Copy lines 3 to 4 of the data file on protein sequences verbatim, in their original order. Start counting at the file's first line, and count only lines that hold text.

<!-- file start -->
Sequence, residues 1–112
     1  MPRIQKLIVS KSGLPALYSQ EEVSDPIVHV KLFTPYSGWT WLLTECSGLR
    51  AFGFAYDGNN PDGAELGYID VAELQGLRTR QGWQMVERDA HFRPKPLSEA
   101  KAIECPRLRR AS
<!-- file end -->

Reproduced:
    51  AFGFAYDGNN PDGAELGYID VAELQGLRTR QGWQMVERDA HFRPKPLSEA
   101  KAIECPRLRR AS